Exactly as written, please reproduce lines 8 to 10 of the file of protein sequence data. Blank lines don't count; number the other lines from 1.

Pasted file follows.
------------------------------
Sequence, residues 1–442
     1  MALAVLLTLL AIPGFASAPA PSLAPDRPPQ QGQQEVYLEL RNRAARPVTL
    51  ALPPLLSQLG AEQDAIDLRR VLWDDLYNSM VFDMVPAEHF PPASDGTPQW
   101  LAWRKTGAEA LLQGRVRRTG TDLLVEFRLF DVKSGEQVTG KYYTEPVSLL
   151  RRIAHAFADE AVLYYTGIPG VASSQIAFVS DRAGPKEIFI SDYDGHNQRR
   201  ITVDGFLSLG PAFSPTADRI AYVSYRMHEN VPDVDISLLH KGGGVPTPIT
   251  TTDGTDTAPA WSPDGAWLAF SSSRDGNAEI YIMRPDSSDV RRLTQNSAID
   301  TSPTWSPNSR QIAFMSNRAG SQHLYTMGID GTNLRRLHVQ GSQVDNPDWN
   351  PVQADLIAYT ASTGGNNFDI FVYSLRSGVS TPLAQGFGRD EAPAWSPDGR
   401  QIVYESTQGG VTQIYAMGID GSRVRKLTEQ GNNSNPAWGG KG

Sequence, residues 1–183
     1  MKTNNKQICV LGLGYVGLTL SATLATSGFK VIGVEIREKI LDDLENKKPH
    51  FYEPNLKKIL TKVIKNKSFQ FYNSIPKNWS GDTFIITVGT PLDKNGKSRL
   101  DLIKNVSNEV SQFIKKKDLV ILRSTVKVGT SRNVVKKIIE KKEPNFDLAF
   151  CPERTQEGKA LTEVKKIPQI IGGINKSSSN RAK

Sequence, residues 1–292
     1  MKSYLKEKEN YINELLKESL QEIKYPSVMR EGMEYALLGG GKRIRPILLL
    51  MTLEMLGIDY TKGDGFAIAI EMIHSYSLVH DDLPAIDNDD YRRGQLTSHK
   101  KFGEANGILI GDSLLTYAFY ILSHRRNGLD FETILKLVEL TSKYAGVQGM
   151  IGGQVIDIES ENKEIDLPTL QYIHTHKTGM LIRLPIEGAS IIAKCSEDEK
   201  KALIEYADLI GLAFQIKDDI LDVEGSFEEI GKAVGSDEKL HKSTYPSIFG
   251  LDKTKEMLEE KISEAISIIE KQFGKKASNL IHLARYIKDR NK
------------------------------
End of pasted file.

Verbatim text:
   301  TSPTWSPNSR QIAFMSNRAG SQHLYTMGID GTNLRRLHVQ GSQVDNPDWN
   351  PVQADLIAYT ASTGGNNFDI FVYSLRSGVS TPLAQGFGRD EAPAWSPDGR
   401  QIVYESTQGG VTQIYAMGID GSRVRKLTEQ GNNSNPAWGG KG